TUCSON, Ariz. (KGUN) — There’s a historic change coming to the court that decides America’s toughest issues. Thursday the Senate confirmed Federal Appeals Court Judge Katanji Brown Jackson to be a Justice on the United States Supreme Court.
Judge, soon to be Justice Katanji Brown Jackson, is a symbol of African Americans achievement. But she’s talked about how she is one step removed from the segregation her parents experienced when they went to school.
For perspective on what’s changed and what people still hope to change, we went to Dunbar pavilion—a community gathering place now, but a school segregated until the early 1950s.
Dunbar alumni say the school had a supportive atmosphere that helped students succeed but as a segregated school it still divided people from a full share of life’s opportunities. So to a Dunbar alumnus like Barbara Lewis seeing a black woman rise to the U.S. Supreme Court is a big moment.
“I'm looking forward to a time where it is all equal, and no questions. No question. Like, you're this black… but smart, Asian and you know, those stereotypes, just where everybody is equal. Things can be good, those ideas can be exchanged with no problem. That's what I hope now.”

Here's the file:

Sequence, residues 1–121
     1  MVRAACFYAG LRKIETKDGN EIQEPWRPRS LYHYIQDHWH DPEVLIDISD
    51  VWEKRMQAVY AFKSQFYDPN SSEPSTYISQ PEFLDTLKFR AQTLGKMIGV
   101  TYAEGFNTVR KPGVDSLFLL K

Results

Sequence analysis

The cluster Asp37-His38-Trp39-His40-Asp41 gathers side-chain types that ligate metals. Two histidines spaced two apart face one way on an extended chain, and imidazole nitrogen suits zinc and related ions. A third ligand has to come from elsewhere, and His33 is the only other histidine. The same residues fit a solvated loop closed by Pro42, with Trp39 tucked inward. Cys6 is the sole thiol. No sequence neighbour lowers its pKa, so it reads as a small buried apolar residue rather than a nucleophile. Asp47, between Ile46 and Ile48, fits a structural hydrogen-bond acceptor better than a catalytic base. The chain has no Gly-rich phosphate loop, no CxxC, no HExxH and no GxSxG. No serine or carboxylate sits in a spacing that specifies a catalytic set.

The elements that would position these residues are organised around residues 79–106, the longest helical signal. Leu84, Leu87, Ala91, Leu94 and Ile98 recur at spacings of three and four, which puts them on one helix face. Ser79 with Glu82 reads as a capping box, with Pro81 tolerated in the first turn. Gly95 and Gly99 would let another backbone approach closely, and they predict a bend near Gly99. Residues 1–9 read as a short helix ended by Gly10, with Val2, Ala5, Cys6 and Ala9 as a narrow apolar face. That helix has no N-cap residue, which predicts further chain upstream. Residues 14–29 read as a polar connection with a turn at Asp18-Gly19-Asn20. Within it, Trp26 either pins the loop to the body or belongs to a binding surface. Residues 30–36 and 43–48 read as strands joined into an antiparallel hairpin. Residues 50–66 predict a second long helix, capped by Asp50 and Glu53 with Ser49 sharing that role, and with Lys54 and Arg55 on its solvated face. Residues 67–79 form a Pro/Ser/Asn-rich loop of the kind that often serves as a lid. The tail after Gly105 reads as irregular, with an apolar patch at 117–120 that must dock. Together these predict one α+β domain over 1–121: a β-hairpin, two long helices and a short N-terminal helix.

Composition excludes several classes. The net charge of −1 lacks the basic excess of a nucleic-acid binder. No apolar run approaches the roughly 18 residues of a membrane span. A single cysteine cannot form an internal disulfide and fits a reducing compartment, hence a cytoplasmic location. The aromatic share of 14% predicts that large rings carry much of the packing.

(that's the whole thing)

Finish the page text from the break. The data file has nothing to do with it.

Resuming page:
University of Arizona Law Professor Shefali Milczarek-Desai says Judge Jackson becoming Supreme Court Justice Jackson may inspire others to follow law not just because she is a woman of color, but also because she rose to the court from a modest middle class background. But she says a judge must not allow her background to influence how she applies the law.
“So the fact that she is from a demographic that we haven't seen before on the court is inspiring to other people to become a part of the law and become a part of our solutions and our legal system. But that doesn't mean that it's going to change the way that she looks at or rules on cases.”
Back at Dunbar, program director Desiree Hammond waits for the day the achievement of a woman like Judge Katanji Brown Jackson is not unusual—but normal.
"This is our dream realized. This is our dream unfolding and coming through and this is what we want the norm to be. We want to see ourselves represented in our systems. So this is what we're fighting for. This is what we work every day for.”
Craig Smith is a reporter for KGUN 9. With more than 40 years of reporting in cities like Tampa, Houston and Austin, Craig has covered more than 40 Space Shuttle launches and covered historic hurricanes like Katrina, Ivan, Andrew and Hugo. Share your story ideas and important issues with Craig by emailing firstname.lastname@example.org or by connecting on Facebook and Twitter.
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